What is reduction reaction?
Reduction reaction is a type of chemical reaction where the reactant receives one or more electrons. The reactant receiving electrons is said to be reduced. A reduction is the opposite of an oxidation and these two reactions always occur concurrently in a so-called reduction oxidation reaction, often called a redox reaction. Because in practice, an oxidation reaction always occurs in conjunction with a reduction reaction and no electrons are available as reactants or products. If you write down only the reduction part, it will be necessary to indicate the electrons as reactants. Below is a reaction in which a dichloromic molecule is Cl2 reduced to two chloride ions Cl‾.
Cl2 + 2e‾ → 2Cl‾
Note that as the electrons are negatively charged, the two ions formation also gets a negative charge and therefore the rule of charge retention is met. Whether an element can absorb one, two or more electrons, and thus which ions it may form, depends on the location of the element in the periodic table. The reaction also shows that as a result of the electron capture the element has a lower oxidation rate. It is therefore a general rule in the case of redox reactions when an oxidation number of a reactant is lowered in the reaction, the reactant is reduced and vice versa with the oxidation. Therefore, the following reaction is also a reduction reaction, although the reactant does not get a negative charge, reducing the oxidation rate.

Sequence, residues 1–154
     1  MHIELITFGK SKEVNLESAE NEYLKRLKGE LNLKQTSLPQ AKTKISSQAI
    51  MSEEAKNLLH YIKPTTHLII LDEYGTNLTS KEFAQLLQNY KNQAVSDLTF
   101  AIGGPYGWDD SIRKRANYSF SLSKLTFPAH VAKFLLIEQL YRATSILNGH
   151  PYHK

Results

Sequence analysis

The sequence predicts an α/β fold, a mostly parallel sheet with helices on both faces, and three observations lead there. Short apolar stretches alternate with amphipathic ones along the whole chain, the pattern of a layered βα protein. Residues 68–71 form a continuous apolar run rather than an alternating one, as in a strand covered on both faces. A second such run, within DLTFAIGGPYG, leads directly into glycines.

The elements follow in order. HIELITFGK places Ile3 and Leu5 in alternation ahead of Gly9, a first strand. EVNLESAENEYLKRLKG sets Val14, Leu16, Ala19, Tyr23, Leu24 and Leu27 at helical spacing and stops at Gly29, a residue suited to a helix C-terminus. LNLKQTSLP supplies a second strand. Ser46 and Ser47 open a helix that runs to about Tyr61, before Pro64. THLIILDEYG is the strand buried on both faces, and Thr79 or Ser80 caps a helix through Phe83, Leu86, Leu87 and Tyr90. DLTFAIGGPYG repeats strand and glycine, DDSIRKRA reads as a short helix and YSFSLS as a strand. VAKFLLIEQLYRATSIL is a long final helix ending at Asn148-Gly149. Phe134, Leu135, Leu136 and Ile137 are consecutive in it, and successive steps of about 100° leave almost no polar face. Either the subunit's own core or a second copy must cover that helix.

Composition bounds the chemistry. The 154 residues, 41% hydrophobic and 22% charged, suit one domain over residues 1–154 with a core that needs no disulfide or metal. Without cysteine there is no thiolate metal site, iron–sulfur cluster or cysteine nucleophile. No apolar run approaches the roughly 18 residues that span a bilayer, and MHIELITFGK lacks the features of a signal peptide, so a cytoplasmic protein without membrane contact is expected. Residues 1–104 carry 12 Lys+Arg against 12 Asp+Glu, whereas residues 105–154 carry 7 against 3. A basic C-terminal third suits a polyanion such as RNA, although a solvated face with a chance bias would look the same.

Zn2+ + 2e‾ → Zn
There is a motto for reductions and oxidations which is ‘OIL RIG’, stands for ‘Oxidation Is Loss, Reduction Is Gain’. In both cases, the electrons are indirectly spoken.
In organic chemistry, a reduction is referred to as a reaction in which the number of hydrogen atoms increases or the number of bonds to oxygen atoms decreases. Therefore, it is said that a carboxylic acid is reduced to an aldehyde which is then reduced to an alcohol.
Similarly, a triple bond can be reduced to a double bond, which in turn can be reduced to single bond. Reduction of single bonds causes the linkage to be split into two, which was the case in the first reaction with dichloride. In addition, the type of reactions below are defined as addition reactions; the dihydrogen being added / added to the molecule in each step.